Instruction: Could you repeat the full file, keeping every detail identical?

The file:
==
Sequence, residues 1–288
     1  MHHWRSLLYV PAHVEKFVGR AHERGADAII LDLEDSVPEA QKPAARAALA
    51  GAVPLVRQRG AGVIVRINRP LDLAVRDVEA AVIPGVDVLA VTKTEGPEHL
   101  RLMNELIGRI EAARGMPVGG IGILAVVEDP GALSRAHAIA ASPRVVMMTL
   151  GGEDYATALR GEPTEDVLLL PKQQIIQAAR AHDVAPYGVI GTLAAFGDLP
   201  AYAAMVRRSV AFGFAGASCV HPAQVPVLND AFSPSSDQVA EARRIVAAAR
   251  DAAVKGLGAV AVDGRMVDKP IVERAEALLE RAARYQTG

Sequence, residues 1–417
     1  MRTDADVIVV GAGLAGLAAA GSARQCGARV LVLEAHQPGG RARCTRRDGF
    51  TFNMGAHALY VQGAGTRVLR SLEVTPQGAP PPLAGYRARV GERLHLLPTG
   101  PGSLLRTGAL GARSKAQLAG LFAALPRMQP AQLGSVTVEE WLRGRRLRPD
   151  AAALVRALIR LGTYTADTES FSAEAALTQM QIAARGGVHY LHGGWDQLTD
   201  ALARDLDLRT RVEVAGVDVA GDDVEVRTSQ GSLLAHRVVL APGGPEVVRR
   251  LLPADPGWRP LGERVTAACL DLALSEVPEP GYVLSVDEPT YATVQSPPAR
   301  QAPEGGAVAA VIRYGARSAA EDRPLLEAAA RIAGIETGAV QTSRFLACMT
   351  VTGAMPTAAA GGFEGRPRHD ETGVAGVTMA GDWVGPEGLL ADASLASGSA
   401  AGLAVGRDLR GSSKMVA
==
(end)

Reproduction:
Sequence, residues 1–288
     1  MHHWRSLLYV PAHVEKFVGR AHERGADAII LDLEDSVPEA QKPAARAALA
    51  GAVPLVRQRG AGVIVRINRP LDLAVRDVEA AVIPGVDVLA VTKTEGPEHL
   101  RLMNELIGRI EAARGMPVGG IGILAVVEDP GALSRAHAIA ASPRVVMMTL
   151  GGEDYATALR GEPTEDVLLL PKQQIIQAAR AHDVAPYGVI GTLAAFGDLP
   201  AYAAMVRRSV AFGFAGASCV HPAQVPVLND AFSPSSDQVA EARRIVAAAR
   251  DAAVKGLGAV AVDGRMVDKP IVERAEALLE RAARYQTG

Sequence, residues 1–417
     1  MRTDADVIVV GAGLAGLAAA GSARQCGARV LVLEAHQPGG RARCTRRDGF
    51  TFNMGAHALY VQGAGTRVLR SLEVTPQGAP PPLAGYRARV GERLHLLPTG
   101  PGSLLRTGAL GARSKAQLAG LFAALPRMQP AQLGSVTVEE WLRGRRLRPD
   151  AAALVRALIR LGTYTADTES FSAEAALTQM QIAARGGVHY LHGGWDQLTD
   201  ALARDLDLRT RVEVAGVDVA GDDVEVRTSQ GSLLAHRVVL APGGPEVVRR
   251  LLPADPGWRP LGERVTAACL DLALSEVPEP GYVLSVDEPT YATVQSPPAR
   301  QAPEGGAVAA VIRYGARSAA EDRPLLEAAA RIAGIETGAV QTSRFLACMT
   351  VTGAMPTAAA GGFEGRPRHD ETGVAGVTMA GDWVGPEGLL ADASLASGSA
   401  AGLAVGRDLR GSSKMVA